“I pretty much have measurements for every inch of Lady Gaga’s body,” says Zana Bayne, 23-year-old harness- maker to the stars.
On a recent afternoon, inside her Williamsburg studio, morbidly decorated with skulls, animal bones, and pentagrams, she’s showing us a rack of her bondage-inspired harnesses. One of the most oddly alluring accessories of the year, Bayne’s elaborate leather creations have been spotted on everyone from Katy Perry to Chloë Sevigny to Ciara to Ms. Gaga herself. Shiny buckles and rivets clank together as she pulls out a gray harness with leather straps that extend down the fingers and wrap around the body like a rib cage to create a skeleton effect. A favorite of her collection, she wore it last Halloween. But alas, she won’t be using it again this year.
“I altered it to make it smaller because Nicki Minaj was supposed to wear it, but she didn’t, and now it doesn’t fit me anymore.” She shrugs and places it back on the rack knowing that, as far as occupational hazards go, it’s not a terrible problem to have.
It was only a little more than two years ago when Bayne, who has a wild mop of black curls, pale skin, and a mostly black wardrobe, moved to Brooklyn unsure of how she’d make a living. Hailing from the San Francisco Bay Area, she dropped out of high school at 15 with the blessings of her “open-minded” parents, took the G.E.D., and enrolled the following year in the San Francisco Art Institute, where she received a conceptual-art degree in New Genres.
As documented on her blog Garbage Dress, she made her first harness in 2008 after she saw a woman in London wearing something that looked to her like “a belt with suspenders” over a shirtdress. Soon friends and fans of her blog began placing orders for her harnesses and her business grew and grew. She was finally able to quit her day job earlier this year to sell her leather designs—including suspenders, bootstraps, and belts—full-time on her website, zanabayne.com ($65 to $325).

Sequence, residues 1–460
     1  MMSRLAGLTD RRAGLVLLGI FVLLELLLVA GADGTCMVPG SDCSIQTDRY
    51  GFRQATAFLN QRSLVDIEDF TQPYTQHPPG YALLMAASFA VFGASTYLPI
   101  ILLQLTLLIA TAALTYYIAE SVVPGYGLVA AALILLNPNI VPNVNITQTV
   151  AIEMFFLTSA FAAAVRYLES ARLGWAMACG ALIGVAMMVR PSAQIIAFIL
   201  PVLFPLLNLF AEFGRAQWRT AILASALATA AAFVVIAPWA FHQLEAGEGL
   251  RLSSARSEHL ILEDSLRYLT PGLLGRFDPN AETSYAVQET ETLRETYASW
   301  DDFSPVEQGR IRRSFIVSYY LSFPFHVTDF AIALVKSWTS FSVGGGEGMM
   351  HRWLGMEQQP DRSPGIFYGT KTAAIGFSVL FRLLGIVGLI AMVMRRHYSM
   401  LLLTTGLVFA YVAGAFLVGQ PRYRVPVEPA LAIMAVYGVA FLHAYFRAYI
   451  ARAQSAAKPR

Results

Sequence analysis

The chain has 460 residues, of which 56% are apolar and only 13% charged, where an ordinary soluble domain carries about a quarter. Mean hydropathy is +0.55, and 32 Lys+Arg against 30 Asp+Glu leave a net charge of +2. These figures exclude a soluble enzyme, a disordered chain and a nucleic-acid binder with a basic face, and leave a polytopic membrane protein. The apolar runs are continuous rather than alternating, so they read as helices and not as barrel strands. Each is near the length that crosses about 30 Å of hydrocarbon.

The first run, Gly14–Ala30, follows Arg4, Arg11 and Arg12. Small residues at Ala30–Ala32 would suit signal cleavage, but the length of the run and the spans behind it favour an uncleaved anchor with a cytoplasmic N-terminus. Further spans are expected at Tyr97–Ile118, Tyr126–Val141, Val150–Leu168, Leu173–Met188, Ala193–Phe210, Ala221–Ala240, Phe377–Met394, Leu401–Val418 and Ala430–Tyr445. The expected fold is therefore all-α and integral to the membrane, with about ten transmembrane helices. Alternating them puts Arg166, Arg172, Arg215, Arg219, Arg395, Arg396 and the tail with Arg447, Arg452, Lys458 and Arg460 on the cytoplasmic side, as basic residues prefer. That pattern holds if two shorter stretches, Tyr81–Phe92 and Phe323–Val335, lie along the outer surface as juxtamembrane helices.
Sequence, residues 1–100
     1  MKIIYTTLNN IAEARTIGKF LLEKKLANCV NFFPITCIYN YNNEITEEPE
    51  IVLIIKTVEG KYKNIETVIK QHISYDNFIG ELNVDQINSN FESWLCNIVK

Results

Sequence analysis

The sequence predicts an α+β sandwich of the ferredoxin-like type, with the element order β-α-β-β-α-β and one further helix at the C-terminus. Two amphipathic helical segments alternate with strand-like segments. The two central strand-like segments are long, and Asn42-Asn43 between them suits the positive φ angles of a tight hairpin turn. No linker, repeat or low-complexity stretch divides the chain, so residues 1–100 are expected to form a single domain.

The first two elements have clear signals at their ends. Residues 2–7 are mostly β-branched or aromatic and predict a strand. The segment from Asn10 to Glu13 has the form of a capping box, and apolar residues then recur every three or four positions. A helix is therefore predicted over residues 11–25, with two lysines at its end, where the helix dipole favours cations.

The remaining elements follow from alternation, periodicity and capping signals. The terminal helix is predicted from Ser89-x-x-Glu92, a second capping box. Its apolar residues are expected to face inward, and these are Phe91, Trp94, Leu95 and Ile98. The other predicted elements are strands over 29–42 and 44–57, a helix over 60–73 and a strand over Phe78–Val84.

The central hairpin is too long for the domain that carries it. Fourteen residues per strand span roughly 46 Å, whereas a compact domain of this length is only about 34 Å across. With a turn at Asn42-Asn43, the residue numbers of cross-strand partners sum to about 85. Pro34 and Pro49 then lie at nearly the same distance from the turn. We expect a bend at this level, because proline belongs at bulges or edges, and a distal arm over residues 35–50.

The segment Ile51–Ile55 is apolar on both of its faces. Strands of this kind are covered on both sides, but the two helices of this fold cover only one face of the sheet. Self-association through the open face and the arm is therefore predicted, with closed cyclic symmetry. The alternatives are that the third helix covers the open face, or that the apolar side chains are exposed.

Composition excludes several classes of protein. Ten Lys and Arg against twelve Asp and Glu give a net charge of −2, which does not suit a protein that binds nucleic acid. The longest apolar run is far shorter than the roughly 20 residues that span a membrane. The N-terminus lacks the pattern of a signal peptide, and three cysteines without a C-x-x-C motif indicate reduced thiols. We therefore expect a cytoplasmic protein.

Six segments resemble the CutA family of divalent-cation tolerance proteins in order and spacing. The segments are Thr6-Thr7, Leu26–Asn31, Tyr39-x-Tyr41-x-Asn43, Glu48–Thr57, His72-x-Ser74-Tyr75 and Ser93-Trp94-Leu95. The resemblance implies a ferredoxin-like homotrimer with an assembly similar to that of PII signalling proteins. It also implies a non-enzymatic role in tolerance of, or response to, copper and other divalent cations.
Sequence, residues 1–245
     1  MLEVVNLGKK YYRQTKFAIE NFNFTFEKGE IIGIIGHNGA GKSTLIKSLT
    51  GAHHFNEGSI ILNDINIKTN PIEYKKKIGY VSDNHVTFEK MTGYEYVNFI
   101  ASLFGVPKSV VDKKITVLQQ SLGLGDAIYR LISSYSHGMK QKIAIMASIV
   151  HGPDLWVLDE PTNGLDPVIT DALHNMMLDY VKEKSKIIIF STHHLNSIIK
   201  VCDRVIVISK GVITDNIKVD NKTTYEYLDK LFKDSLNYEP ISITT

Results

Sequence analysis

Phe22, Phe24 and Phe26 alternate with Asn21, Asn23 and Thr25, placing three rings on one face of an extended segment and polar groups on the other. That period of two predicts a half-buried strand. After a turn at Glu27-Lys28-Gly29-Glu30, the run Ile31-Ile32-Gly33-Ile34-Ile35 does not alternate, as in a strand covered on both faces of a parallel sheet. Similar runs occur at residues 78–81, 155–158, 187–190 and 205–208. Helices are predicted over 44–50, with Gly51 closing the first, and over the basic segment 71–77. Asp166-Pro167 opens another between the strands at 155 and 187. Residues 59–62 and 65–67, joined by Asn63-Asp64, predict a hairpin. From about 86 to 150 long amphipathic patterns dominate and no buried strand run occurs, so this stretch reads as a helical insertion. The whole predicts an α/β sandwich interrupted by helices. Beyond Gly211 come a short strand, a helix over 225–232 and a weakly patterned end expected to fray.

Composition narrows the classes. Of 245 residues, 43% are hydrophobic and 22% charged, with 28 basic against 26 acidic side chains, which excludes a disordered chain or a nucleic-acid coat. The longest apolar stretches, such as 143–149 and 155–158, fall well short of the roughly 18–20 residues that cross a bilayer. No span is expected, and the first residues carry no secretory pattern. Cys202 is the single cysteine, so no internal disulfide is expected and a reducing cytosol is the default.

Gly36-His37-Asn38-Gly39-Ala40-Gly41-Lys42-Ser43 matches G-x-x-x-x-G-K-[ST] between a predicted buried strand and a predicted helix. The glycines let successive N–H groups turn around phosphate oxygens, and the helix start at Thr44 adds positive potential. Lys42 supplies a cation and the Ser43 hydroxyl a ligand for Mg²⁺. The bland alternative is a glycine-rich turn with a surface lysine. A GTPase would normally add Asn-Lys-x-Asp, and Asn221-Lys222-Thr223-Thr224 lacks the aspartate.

With all the s&m accessories and black leather popping up for fall, we could think of no better person than Bayne to take us on a tour of her favorite NYC shops. Stomping down her five flights of stairs in her beloved Ann Demeulemeester white go-go-esque boots, she leads us to the G train to check out Eva Gentry Consignment (371 Atlantic Avenue, Brooklyn, 718-522-3522), where Bayne last worked as a salesperson.
Even though the temperature is in the mid-80s, with the exception of her white boots, she’s dressed in all black—a sheer tank dress from Rick Owens layered over a bustier from Theyskens’ Theory, a “pleather” mini skirt from Urban Outfitters (“my secret online shopping source for cheap basics”), and ripped stockings. But no harness? “I don’t want that touching my skin right now,” she says, preferring it as a cool-weather accessory. “With fall you can always play with layers, and that’s nice. If you have a sweater that doesn’t have a closure, you can just harness it up.”